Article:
OR WAIT null SECS
Medicare Reform and Health Savings Accounts
A cynic once said that a camel is a horse designed by a committee.
Similarly, the cynic within some industry observers might wonder about a new government program designed to mitigate higher healthcare costs and provide consumers with more flexibility in managing their healthcare budgets.
The plan in question — the recently enacted Medicare Prescription Drug, Improvement, and Modernization Act of 2003 — looks to be, on the surface at least, a potential bonanza for makers of brand-name prescription drugs.
First, the good news.
At first glance the new Medicare reform bill looks to be a win-win situation for consumers, employers, and health services companies. With new prescription drug cards ready for use by 2006, government officials say that consumers can expect to save up to 25% in prescription drug costs. The theory behind the claim is that millions of cardholders, exercising the power of the purse, won't do business with drug companies that don't participate in prescription drug discount programs.
But drug companies that play can expect a windfall, experts say. "We believe passage of the Medicare bill is a decided positive for the drug industry as it is expected to drive a significant increase in volume, offset only partially by increased discounting," says a recently released Deutsche Bank report. "In addition, the legislation should help to remove a long-standing political thorn in the industry's side." The bank estimates that the new prescription drug cards may help boost drug company profits by up to $10 billion "despite the expected impact that price discounting will probably have." Lower drug prices would also help employers, too. Less money paid out for prescription drug costs should have chief financial officers dancing a conga line around the boardroom table.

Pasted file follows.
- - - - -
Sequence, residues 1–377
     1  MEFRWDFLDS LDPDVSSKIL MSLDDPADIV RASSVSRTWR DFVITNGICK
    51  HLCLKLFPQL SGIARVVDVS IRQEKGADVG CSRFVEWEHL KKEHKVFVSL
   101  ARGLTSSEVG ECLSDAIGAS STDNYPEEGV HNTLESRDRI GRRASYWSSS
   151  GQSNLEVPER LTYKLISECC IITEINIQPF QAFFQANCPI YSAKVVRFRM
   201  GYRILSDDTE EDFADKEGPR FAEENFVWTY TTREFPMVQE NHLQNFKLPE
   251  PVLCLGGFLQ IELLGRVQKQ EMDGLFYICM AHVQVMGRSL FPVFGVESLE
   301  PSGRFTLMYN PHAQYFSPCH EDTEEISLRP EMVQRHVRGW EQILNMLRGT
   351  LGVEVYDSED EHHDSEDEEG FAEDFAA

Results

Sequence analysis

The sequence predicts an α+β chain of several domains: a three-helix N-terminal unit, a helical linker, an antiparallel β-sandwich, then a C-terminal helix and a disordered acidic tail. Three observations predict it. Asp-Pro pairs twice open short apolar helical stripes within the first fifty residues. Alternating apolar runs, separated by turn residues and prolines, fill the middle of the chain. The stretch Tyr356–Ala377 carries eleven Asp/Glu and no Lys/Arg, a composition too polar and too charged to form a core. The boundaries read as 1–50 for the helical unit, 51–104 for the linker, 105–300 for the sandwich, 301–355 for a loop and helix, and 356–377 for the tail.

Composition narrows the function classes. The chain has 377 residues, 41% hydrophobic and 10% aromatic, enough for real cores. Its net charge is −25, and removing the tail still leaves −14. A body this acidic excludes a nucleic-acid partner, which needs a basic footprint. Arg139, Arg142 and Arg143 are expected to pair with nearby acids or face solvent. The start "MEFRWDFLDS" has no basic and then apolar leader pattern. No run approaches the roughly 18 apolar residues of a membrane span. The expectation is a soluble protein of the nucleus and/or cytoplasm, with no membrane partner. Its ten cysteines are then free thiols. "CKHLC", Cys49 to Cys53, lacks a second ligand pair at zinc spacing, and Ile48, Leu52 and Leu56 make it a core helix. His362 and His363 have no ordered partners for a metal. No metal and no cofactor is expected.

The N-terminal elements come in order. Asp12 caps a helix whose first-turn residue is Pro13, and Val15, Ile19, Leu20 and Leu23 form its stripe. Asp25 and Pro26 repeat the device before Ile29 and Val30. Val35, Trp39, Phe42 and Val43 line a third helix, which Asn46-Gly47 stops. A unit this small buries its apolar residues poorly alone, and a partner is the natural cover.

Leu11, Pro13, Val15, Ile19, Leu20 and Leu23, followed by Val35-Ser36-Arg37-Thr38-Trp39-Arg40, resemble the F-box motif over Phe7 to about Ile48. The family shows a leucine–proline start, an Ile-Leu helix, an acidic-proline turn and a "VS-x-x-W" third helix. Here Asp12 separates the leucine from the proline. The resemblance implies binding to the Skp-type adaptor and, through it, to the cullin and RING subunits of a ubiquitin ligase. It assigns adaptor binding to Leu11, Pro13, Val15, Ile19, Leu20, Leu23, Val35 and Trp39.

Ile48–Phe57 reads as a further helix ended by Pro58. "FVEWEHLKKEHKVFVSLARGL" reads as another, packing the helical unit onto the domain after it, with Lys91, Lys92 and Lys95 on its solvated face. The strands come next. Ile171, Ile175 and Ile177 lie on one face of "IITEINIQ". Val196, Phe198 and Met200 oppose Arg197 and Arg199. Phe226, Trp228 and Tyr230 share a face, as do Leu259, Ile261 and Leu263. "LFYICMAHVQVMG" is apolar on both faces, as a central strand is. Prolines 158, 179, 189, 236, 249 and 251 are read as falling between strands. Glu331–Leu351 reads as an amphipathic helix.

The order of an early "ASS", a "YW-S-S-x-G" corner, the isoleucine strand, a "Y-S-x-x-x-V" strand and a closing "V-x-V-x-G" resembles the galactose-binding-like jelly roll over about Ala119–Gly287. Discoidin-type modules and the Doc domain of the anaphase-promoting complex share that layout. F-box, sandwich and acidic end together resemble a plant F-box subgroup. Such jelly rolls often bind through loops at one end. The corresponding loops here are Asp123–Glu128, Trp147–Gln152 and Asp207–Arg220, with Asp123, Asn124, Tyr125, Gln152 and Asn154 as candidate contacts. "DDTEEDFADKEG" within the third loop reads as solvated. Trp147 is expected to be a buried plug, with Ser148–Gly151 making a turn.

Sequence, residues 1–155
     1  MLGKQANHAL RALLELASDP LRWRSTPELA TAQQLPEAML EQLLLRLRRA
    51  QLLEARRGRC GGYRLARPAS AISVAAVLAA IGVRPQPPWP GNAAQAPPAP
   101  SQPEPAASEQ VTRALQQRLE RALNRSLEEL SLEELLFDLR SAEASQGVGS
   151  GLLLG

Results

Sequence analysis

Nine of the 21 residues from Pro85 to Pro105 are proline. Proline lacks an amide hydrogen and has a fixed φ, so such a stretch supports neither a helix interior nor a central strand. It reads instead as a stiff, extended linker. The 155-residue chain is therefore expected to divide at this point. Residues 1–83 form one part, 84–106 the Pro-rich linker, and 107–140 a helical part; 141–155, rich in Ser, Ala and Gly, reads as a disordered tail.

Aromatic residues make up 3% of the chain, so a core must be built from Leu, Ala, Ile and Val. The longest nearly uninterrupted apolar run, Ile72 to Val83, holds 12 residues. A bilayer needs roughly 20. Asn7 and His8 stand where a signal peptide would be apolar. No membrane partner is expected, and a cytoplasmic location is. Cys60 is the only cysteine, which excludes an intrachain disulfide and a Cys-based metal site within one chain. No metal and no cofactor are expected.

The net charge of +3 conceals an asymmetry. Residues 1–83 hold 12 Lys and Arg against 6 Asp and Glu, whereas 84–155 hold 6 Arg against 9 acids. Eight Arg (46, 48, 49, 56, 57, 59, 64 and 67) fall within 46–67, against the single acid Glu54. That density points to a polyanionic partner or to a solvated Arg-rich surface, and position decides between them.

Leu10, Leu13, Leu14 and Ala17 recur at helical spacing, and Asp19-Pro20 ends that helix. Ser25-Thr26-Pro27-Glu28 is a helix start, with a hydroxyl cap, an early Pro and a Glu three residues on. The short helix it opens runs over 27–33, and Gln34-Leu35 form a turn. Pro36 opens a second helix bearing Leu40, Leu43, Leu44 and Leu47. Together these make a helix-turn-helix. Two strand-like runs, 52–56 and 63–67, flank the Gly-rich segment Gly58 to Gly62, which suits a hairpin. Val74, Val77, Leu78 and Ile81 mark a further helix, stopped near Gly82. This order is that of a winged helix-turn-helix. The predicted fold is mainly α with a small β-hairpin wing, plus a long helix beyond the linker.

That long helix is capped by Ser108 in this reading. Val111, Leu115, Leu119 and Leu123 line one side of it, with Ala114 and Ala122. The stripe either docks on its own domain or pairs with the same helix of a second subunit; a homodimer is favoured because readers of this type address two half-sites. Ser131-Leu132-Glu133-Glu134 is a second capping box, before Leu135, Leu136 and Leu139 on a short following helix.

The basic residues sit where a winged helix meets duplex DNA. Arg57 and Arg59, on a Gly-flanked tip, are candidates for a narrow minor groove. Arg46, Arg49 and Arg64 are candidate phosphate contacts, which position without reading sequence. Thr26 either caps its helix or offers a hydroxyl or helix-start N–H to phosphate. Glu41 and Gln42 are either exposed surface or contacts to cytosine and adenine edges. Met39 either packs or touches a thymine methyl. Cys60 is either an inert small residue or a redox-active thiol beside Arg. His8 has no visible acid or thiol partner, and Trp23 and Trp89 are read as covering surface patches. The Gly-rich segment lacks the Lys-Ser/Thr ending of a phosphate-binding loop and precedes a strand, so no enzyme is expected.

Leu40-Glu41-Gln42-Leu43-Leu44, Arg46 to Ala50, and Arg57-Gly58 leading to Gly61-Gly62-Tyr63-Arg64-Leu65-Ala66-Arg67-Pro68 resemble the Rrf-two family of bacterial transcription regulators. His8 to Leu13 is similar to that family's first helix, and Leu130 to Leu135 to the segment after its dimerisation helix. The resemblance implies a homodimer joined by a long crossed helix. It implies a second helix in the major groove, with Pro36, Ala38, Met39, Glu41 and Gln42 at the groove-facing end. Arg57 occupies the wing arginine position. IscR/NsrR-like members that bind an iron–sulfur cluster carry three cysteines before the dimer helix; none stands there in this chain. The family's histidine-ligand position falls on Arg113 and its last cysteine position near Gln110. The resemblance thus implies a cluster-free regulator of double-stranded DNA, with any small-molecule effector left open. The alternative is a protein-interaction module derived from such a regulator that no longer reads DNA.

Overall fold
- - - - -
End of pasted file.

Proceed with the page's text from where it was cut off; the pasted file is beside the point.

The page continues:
But is Medicare reform a Trojan horse for prescription-drug companies? A closer look at the reform bill suggests this possibility.